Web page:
Another factor to examine in planning a bathroom is the ceiling height. Most homes will have a ceiling height of at least 8 feet or 96 inches (2438 mm), which is adequate for most people. But occasionally, a bathroom may be planned into a space with a lower or sloped ceiling, for example, a half-bath under the hall stairs, or a bathroom that is part of a finished attic or bonus room.
In these situations, building codes require that there be at least 80 inches (2032 mm) from floor to ceiling over the bath fixture, to allow for use and standing room (see Figure 6.11). A floor-to-ceiling height of at least 80 inches is also required in a shower or a tub with a showerhead.
Many homes today have ceilings that are 9 feet (2743 mm), 10 feet (3048 mm), or 12 feet (3657 mm) high. These high ceilings can create wonderful spaces, but the designer should carefully consider the proportions of the bathroom space. Dropped ceilings, soffits, and moldings can help bring the volume into proportion.
As you look at the options for placement of bathroom fixtures, you will use the information in the sections about the centers. In larger baths, maneuvering space is easier to attain, but careful planning is needed to arrange the fixtures so that they are convenient to use.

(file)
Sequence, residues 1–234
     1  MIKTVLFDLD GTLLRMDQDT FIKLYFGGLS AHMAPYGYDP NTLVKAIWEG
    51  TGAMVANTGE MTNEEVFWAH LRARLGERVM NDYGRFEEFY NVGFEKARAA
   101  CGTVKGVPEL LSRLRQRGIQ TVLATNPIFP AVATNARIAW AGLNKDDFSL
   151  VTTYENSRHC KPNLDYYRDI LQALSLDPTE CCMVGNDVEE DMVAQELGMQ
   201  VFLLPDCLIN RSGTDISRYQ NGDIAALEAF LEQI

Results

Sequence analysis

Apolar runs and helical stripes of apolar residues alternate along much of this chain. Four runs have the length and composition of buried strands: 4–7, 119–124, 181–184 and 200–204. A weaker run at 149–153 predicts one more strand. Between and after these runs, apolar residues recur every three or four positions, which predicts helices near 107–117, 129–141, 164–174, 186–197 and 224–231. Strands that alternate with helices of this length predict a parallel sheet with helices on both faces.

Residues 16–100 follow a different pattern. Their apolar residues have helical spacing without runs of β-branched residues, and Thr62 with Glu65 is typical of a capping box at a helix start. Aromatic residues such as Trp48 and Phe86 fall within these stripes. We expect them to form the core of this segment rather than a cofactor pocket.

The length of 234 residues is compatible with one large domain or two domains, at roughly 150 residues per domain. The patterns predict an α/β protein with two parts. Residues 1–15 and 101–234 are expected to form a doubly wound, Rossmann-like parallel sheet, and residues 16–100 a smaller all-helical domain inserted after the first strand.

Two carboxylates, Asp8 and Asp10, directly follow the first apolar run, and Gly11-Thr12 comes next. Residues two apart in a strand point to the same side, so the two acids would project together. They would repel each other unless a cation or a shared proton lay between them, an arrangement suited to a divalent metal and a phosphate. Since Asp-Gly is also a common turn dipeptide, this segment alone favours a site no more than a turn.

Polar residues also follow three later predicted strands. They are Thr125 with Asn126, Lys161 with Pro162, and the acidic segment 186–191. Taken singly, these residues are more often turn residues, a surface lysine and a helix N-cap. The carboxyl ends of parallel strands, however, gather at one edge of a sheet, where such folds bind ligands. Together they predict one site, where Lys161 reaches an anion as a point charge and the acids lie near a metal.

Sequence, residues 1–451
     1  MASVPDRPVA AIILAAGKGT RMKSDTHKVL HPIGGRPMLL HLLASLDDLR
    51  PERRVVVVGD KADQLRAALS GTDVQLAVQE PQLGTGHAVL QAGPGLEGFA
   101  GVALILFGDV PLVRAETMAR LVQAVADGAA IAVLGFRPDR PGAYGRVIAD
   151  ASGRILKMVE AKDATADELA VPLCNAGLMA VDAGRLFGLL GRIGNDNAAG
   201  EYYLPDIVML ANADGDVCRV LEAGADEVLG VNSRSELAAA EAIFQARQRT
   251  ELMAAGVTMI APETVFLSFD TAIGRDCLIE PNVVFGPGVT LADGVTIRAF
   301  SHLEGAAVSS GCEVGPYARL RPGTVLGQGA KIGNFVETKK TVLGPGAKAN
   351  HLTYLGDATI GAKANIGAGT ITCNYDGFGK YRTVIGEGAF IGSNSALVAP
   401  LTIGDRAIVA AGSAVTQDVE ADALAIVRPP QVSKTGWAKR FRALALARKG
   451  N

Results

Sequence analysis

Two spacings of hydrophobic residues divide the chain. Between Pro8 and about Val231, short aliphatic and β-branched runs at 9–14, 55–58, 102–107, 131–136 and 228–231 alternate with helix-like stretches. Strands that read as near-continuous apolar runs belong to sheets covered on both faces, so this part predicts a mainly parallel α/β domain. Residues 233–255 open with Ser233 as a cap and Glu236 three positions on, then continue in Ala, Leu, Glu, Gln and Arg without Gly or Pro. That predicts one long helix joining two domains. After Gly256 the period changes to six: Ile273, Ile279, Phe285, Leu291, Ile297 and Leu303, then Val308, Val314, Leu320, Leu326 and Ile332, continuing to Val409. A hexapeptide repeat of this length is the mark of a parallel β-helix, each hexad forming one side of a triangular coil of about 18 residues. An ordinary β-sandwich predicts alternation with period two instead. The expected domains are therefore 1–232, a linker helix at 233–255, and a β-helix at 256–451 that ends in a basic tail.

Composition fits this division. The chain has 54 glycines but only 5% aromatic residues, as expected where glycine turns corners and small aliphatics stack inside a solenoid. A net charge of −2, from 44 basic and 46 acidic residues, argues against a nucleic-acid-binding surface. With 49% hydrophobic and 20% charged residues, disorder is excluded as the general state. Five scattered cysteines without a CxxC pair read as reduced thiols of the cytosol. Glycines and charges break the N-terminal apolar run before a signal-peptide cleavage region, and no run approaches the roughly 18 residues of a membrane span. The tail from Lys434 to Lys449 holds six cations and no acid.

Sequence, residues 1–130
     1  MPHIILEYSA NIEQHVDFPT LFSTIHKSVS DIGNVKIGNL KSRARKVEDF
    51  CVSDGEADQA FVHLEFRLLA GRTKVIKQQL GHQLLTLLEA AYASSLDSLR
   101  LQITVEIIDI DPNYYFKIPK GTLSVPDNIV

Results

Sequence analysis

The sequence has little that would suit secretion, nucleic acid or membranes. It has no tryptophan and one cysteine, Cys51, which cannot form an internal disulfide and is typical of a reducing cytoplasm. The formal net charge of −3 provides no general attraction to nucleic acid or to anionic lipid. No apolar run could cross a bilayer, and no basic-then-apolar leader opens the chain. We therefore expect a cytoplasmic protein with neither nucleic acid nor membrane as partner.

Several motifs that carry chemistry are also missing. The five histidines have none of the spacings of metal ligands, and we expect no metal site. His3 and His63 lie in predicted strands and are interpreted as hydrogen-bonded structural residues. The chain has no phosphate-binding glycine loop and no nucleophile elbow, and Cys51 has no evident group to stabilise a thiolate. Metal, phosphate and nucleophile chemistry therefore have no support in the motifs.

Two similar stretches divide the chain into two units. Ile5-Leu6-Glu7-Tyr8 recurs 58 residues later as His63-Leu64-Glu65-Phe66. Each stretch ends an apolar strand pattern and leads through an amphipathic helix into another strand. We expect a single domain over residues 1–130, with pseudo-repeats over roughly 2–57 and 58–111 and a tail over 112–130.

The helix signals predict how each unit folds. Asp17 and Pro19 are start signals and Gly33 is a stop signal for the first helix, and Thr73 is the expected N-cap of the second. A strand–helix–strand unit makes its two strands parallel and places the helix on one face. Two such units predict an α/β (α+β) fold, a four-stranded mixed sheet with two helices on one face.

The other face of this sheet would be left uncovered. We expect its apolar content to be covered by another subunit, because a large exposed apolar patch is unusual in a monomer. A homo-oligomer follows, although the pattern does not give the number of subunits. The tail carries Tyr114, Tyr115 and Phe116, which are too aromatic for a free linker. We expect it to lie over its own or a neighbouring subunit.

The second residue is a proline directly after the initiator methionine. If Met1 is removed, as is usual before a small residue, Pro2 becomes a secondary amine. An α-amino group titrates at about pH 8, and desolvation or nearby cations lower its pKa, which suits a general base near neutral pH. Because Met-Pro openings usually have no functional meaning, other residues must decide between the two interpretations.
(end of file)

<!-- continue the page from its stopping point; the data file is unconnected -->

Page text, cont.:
In very small bathrooms, the user can reach all fixtures with just a few steps, but clear space for maneuvering may be scarce. The designer has to weigh the needs of the client and the job parameters to reach the best solution.
Bathroom Planning Guideline 4 recommends that at least 30 inches (762 mm) of clear space is planned in front of each bathroom fixture. However, if more than one person will be using the bathroom at the same time, consider providing 48 inches (1219 mm) of clear space which allows for the minimum 30-inch (762 mm) clearance needed for one person to walk behind a person using the fixture (18 inches, or 457 mm) (see Figure 6.12)
If a person will be using a mobility aid, such as a wheelchair, plan a larger space for turning and maneuvering. A 60-inch (1 524 mm) turning circle should be included somewhere in the bathroom. If this turning circle is not possible, a 36 inch by 60 inch by 36 inch (914 mm by 1 524 mm by 914 mm) T-turn is a possible solution. See chapter 8, “Accessibility in Practice," for more details on planning circulation spaces.
Guidelines and Access Standards
Bathroom Planning Guidelines and Access Standards that are important to the general design of the bathroom are 1,2, 3, and 4. For the complete Guidelines and Access Standards, see Appendix A.